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SELECTBIO Conferences Liquid Biopsies 2019

Dolores Di Vizio's Biography

Dolores Di Vizio, Professor, Cedars Sinai Medical Center

Dr. Dolores Di Vizio is a pathologist and a molecular and cell biologist trained at Albert Einstein College of Medicine, and Harvard Medical School. Dr. Di Vizio holds an academic appointment as associate professor at Cedars-Sinai Medical Center, and at the University of California, Los Angeles. She is an Executive Chair of the International Society of Extracellular Vesicles (ISEV). Her group studies the molecular mechanisms of progression to advanced disease in human tumors, with a particular emphasis on large oncosomes, extracellular vesicles (EVs) shed into the extracellular space from fast migrating and metastatic amoeboid cancer cells. Her lab is currently profiling the large oncosomes and other EV populations by NGS and proteomics for functional and molecular characterization.

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Biological Functions and Methods of Detection of Large Oncosomes in Cancer

Thursday, 28 March 2019 at 08:30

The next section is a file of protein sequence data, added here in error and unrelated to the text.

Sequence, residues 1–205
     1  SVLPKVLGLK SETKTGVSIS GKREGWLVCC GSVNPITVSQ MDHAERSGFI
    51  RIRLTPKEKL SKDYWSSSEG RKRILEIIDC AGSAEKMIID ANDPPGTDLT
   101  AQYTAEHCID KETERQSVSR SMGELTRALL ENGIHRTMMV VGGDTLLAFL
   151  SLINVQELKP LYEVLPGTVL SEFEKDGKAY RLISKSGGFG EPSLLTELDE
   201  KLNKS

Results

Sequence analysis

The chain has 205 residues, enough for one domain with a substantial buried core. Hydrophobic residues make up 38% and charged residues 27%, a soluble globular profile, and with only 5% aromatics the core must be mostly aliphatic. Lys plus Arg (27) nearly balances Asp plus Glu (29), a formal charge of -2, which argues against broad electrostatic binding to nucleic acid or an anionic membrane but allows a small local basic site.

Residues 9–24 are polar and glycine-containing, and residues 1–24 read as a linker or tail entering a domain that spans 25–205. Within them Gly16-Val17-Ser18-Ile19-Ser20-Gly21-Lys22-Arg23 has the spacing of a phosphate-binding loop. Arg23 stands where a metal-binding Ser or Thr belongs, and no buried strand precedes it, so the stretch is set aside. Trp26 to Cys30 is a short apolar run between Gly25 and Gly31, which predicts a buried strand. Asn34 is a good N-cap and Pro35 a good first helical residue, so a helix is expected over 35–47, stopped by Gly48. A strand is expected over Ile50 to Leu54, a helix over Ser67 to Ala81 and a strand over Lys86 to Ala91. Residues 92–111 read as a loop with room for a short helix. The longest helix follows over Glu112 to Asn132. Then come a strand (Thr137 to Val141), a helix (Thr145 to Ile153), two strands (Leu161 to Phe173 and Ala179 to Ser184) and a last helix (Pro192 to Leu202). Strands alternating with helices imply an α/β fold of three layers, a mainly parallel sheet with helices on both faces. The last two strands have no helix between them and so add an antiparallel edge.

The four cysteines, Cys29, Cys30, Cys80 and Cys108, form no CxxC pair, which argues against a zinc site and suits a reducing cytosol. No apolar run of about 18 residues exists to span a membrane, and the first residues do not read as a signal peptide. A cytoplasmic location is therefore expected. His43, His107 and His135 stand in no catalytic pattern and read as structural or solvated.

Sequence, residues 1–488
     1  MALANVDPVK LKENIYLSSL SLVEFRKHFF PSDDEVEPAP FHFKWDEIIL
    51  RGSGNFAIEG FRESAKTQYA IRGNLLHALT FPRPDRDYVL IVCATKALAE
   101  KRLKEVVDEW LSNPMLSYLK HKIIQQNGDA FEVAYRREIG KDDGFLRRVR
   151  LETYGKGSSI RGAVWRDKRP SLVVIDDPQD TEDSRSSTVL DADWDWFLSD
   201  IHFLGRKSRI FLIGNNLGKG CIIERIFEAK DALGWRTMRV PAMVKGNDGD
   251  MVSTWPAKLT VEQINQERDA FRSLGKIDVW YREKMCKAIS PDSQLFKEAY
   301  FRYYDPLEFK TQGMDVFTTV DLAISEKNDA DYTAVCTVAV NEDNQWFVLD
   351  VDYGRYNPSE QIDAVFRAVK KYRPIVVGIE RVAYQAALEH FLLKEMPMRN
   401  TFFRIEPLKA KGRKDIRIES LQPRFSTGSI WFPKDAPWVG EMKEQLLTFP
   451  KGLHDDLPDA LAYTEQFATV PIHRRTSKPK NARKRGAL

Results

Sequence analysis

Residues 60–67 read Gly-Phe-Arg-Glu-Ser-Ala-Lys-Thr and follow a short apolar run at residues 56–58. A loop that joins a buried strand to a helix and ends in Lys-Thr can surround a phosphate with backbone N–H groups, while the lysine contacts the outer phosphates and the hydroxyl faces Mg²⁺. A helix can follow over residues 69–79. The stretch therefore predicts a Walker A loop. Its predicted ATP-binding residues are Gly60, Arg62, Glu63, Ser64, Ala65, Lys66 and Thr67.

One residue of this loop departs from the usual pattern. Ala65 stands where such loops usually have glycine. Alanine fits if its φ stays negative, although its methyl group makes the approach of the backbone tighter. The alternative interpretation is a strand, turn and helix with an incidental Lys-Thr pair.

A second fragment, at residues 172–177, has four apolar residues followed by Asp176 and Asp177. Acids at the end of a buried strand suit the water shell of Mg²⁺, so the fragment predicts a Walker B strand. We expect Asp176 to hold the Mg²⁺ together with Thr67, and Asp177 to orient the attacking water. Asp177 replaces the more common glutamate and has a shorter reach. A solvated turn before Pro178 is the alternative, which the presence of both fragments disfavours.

Add to Calendar ▼2019-03-28 08:30:002019-03-28 09:30:00Europe/LondonBiological Functions and Methods of Detection of Large Oncosomes in CancerLiquid Biopsies 2019 in Coronado Island, CaliforniaCoronado Island,

Extracellular Vesicles (EVs) are important mediators of intercellular communication pathways that lead to tumor progression, and potential sources for discovery of novel cancer biomarkers. Recent studies have shed light on the existence of different populations of cancer-derived EVs. These heterogeneous EV populations exhibit distinct molecular cargo, thus pointing to the possibility that the various EV populations might play diverse roles in cancer and that this does not happen randomly. However, data attributing cancer specific intercellular functions to given populations of EVs are still limited. A deeper functional, biochemical and molecular characterization of the various EV classes might identify more selective clinical markers, and significantly advance our knowledge of the pathogenesis and disease progression of many cancer types. We demonstrated that atypically large EVs can be shed from highly migratory and metastatic cancer cells. These EVs, named large oncosomes, play distinct functions and contain a specific repertoire of molecules that can be used for detection of tumor-derived cargo in plasma.

Add to Calendar ▼2019-03-27 00:00:002019-03-29 00:00:00Europe/LondonLiquid Biopsies 2019Liquid Biopsies 2019 in Coronado Island, CaliforniaCoronado Island,